I mean, hey. If you like that 6-gauge septum ring, then you wear it with all of the pride of the bull that you apparently think you are.
But when traveling? I’ve just learned over the past few years that dressing up, even just a tad, has several more significantly positive aspects than that of well-dressed strangers not wondering if you smell as wrinkly as you look.
For example. I was headed to the middle-of-nowhere North Carolina last Wednesday morning to drop my dogs off at their kennel before driving over an hour in the opposite direction to get to the airport in time to catch my flight to Florida. I’d taken Justin’s car since my beloved Chevy Tracker’s back right tire seemed a little flat and I didn’t think I had time to fill it before I left. So of course, as seems to be the general law when you make a decision that’s supposed to make your life easier, one of Justin’s tires blew when I was 45 minutes away from my house. And when I say “blew,” I mean exploded.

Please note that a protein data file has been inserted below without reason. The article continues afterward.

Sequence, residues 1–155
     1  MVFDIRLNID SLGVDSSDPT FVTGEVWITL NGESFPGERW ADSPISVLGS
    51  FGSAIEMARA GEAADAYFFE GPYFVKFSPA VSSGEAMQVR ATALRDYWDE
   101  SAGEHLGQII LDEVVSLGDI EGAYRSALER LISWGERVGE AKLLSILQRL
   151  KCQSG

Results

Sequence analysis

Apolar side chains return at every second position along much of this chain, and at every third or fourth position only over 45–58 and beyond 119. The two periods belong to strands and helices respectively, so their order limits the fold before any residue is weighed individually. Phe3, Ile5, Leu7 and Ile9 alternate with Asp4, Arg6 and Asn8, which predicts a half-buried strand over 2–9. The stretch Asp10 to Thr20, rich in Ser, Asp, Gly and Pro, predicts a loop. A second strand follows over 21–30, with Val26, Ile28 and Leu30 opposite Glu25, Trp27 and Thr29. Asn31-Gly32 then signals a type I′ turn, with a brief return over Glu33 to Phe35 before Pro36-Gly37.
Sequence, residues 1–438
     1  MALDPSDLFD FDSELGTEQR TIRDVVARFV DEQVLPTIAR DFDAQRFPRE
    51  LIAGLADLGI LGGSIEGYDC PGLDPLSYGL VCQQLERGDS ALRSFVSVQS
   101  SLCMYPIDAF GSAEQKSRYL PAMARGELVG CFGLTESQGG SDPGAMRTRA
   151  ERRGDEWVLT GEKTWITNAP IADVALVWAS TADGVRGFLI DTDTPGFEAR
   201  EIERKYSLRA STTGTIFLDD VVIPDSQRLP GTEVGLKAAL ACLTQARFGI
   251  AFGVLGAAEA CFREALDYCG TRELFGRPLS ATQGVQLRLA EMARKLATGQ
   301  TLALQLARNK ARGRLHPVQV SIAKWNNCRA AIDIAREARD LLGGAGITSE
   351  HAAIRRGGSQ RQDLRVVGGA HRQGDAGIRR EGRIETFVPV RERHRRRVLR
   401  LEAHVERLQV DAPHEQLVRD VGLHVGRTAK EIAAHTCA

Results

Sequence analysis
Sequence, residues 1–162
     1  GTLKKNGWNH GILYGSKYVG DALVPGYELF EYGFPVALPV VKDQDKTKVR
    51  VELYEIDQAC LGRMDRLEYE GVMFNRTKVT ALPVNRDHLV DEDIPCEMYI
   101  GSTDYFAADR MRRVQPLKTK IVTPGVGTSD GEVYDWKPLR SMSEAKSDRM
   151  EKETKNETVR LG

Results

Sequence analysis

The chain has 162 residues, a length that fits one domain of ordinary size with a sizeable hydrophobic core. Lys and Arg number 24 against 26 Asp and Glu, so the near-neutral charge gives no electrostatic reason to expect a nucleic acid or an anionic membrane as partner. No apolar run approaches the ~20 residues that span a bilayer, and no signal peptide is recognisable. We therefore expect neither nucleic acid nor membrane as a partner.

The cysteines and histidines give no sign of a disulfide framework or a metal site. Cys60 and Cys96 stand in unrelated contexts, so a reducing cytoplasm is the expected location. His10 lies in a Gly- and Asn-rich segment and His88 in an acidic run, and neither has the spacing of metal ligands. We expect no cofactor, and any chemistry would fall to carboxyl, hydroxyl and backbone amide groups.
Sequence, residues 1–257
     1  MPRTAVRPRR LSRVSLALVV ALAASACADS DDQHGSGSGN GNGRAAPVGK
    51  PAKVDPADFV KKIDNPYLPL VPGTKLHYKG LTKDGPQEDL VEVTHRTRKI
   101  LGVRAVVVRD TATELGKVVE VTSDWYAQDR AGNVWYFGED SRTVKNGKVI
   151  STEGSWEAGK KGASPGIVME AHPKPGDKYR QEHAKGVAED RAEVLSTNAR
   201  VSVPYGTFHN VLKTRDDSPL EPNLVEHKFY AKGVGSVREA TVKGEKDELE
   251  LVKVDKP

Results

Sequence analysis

So there I was, on the side of the road with 2 mutts strapped into my back seat, cursing myself for never bothering to learn how to change a tire. It didn’t take long though, as I stood there making phone calls, for a friendly military officer to stop and change it for me.
I’d like to think he would’ve stopped regardless of what I was wearing, but let’s face it — my airport-ready sweater dress, tall boots, and leather jacket probably didn’t hurt.
And I don’t think it’s just because I’m a woman. I think a well-dressed man looking helpless on the side of the road is more likely to find assistance than someone looking bedraggled. It’s just human nature. Accurate or not, general scruffiness, ball caps, and saggy jeans conjure images of serial killers.
And people don’t tend to stop for serial killers.
Also, I think better dressed people are more likely to get assistance from airport employees. Think about it: They have one of the most under-appreciated jobs in the universe. They show up to work wearing pressed suits, uncomfortable shoes, immaculate hair, and they have to take orders from tourists all day. Have you ever had to work for someone who knew less about the job than you? Now imagine that person showed up to work every day wearing sweat pants and a fanny pack. Would you resent him more, or less?